Ed McElvain
Aug 15, 2014

Understand WeChat's capabilities before diving in

For brands looking to create inroads into the lucrative Chinese market, a WeChat account is a must, right? Not necessarily.

Ed McElvain, Lowe Profero
Ed McElvain, Lowe Profero

When tech giant Tencent released its latest figures earlier this year, instant-messaging application WeChat posted an impressive 400 million active users.

It’s a staggering figure by any standards, but even more so when you consider that it actually represents a large share of all the world’s social media users and that the vast majority are inside the Great Firewall of mainland China.

It’s also a number that figures to keep growing, even with the Chinese government's recent reminder that messenger apps are not exempt from “campaign against rumors” (which all but gutted the public Sina Weibo platform)

So, for brands looking to create inroads into the lucrative Chinese market, a WeChat account is a must, right?

Not always.

Before you start salivating over the prospects of capitalizing on a platform that reaches 400 million active users on their most personal device, there’s more to consider.

WeChat certainly has some real strengths, the most obvious being as a great CRM platform for communicating directly with customers on a one-to-one basis. And it also excels at reaching followers effectively with newsletter-style content and lite-app/HTML5 mobile experiences.

So, if your aim is to communicate and engage with a current customer base in China, WeChat can be a really effective channel and is a must have.

But if acquisition is your goal then it’s a whole different story, because in reality there is a very limited ability to build brand awareness.

To Tencent’s credit and brand marketers’ chagrin, WeChat has been very careful about developing the app as a utility strictly for users, not bending to the commercial pressures of including advertising capabilities for brands.

There isn’t even anything akin to Twitter’s Promoted Accounts to help acquire followers.

That’s why in a recent Admaster survey of digital marketers, 52 per cent said the biggest challenge for WeChat was attracting enough followers to make the platform valuable.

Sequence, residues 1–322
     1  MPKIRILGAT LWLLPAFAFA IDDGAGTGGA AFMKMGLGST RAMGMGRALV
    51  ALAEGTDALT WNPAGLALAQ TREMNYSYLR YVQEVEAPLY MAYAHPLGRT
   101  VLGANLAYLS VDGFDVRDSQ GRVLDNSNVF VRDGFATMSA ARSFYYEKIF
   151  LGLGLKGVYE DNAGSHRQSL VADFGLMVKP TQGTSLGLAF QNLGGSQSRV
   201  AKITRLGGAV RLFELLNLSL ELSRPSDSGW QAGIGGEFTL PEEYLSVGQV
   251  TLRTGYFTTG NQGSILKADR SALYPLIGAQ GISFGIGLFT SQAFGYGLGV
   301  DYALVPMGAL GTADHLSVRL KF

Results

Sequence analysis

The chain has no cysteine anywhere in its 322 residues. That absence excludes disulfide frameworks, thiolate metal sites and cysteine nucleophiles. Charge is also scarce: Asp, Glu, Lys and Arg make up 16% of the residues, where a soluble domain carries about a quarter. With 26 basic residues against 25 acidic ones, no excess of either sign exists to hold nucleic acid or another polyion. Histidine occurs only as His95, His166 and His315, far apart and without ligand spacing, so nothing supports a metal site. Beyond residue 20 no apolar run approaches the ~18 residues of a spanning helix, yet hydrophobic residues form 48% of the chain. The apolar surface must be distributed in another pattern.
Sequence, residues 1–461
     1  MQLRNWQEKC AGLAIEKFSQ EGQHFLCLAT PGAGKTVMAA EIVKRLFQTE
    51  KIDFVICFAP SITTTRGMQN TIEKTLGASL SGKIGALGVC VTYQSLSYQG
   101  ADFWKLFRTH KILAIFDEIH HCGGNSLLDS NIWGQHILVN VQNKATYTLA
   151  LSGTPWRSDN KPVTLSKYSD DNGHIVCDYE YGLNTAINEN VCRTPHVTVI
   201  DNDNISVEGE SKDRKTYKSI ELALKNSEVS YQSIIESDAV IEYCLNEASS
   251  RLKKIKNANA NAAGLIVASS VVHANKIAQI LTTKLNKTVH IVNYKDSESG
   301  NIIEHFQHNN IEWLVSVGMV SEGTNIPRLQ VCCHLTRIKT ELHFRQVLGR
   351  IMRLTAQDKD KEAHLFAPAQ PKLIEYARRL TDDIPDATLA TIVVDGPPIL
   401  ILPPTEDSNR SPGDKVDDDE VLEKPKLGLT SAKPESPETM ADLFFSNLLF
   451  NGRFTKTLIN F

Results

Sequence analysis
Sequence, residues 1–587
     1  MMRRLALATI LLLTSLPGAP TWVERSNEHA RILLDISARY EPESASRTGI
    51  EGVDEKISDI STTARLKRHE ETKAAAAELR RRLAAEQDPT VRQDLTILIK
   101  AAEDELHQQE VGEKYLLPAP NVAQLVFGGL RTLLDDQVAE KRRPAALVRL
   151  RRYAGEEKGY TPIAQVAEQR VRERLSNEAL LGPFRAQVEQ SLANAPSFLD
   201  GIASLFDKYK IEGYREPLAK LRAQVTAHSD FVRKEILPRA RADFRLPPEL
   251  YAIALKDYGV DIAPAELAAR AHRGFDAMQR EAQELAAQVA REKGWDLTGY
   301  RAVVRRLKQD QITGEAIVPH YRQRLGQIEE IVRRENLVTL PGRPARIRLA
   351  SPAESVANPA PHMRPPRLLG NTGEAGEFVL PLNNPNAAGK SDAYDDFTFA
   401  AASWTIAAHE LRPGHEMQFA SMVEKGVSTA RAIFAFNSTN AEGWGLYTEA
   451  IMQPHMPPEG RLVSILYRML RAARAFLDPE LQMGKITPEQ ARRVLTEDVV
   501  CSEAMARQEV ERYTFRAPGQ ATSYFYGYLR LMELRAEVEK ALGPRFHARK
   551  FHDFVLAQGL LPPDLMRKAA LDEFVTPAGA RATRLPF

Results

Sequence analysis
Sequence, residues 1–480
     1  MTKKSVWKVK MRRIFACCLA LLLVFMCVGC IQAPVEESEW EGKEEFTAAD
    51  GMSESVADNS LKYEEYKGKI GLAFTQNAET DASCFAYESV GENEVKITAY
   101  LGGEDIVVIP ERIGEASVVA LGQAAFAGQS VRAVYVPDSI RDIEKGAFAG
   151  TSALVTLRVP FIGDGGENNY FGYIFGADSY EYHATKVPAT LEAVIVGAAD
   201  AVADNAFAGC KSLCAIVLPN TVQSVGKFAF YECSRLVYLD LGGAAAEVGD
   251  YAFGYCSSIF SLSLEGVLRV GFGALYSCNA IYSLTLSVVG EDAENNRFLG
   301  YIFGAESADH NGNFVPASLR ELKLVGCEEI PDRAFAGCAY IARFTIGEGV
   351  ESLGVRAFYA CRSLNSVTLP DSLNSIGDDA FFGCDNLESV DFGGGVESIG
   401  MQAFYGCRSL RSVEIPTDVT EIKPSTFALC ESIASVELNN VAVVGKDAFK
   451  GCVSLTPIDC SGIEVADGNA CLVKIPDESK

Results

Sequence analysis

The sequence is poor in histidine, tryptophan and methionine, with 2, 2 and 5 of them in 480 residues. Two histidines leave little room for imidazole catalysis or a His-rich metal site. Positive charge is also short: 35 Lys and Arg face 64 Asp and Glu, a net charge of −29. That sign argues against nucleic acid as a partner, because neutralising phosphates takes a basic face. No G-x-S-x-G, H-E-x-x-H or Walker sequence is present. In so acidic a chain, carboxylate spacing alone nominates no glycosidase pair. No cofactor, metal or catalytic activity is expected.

There’s not an easy way for customers to find and connect with brands beyond scanning QR codes. The apps dual official account structure is confusing, plus the account search function is clunky and the results are riddled with fake brand accounts.

But regardless of the headaches in follower acquisition (not to mention walled-garden analytics), WeChat is still fast becoming a must have digital portfolio piece. And it’s continuing to evolve very quickly.

WeChat has made some very interesting moves lately for what was once seen purely as a consumer messenger app. There is a payments gateway allowing small businesses to accept mobile payments and bought a classified ads portal.

And now they’re entering into connecting products, in a play to use the messenger app to tap into the internet of things.

To translate this to the Western experience, think about what it would be like if Facebook, Paypal and Craigslist were all in the same app. Albeit one without the advertising platform that Facebook has. Still, the mind boggles.

So what is a brand to do? For now, follow Tencent’s lead and develop the platform as a utility for your product users. Engage in CRM and optimize your mobile web and app content so that it’s compatible with WeChat’s browser.

Most importantly, always keep in mind that it wasn’t easy to find you, so your followers are likely to be amongst your best, most engaged customers. WeChat gives you a great tool to connect with them and thank them for that.

But as always, regardless of the latest platform developments, the secret to successful social media marketing is to follow the eyeballs, communicate authentically when you get there, and invest in the data and analytics to optimize the real ROI of the channel.

Ed McElvain is APAC media strategy director with Lowe Profero

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